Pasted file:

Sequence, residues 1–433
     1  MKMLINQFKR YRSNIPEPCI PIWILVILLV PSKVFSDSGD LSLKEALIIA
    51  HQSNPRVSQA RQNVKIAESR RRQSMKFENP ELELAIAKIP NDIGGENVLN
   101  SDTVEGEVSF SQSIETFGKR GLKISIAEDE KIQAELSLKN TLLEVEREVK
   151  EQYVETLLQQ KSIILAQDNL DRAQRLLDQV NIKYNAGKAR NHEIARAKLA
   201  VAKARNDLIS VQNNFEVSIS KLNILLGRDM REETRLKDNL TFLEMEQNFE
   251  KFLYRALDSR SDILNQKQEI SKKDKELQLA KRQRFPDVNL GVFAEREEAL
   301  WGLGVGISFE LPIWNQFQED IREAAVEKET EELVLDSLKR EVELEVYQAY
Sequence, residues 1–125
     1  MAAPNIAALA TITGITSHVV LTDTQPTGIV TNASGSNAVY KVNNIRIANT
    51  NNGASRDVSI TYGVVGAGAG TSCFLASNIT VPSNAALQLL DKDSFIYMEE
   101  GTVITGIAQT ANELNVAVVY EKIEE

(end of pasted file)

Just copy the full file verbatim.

Sequence, residues 1–433
     1  MKMLINQFKR YRSNIPEPCI PIWILVILLV PSKVFSDSGD LSLKEALIIA
    51  HQSNPRVSQA RQNVKIAESR RRQSMKFENP ELELAIAKIP NDIGGENVLN
   101  SDTVEGEVSF SQSIETFGKR GLKISIAEDE KIQAELSLKN TLLEVEREVK
   151  EQYVETLLQQ KSIILAQDNL DRAQRLLDQV NIKYNAGKAR NHEIARAKLA
   201  VAKARNDLIS VQNNFEVSIS KLNILLGRDM REETRLKDNL TFLEMEQNFE
   251  KFLYRALDSR SDILNQKQEI SKKDKELQLA KRQRFPDVNL GVFAEREEAL
   301  WGLGVGISFE LPIWNQFQED IREAAVEKET EELVLDSLKR EVELEVYQAY
Sequence, residues 1–125
     1  MAAPNIAALA TITGITSHVV LTDTQPTGIV TNASGSNAVY KVNNIRIANT
    51  NNGASRDVSI TYGVVGAGAG TSCFLASNIT VPSNAALQLL DKDSFIYMEE
   101  GTVITGIAQT ANELNVAVVY EKIEE